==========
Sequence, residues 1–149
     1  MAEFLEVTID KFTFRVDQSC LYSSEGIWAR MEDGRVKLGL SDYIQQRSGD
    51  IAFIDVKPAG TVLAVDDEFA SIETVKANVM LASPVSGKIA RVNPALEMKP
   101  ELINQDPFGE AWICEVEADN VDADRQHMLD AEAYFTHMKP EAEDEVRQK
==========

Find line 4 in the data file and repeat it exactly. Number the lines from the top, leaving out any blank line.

   101  ELINQDPFGE AWICEVEADN VDADRQHMLD AEAYFTHMKP EAEDEVRQK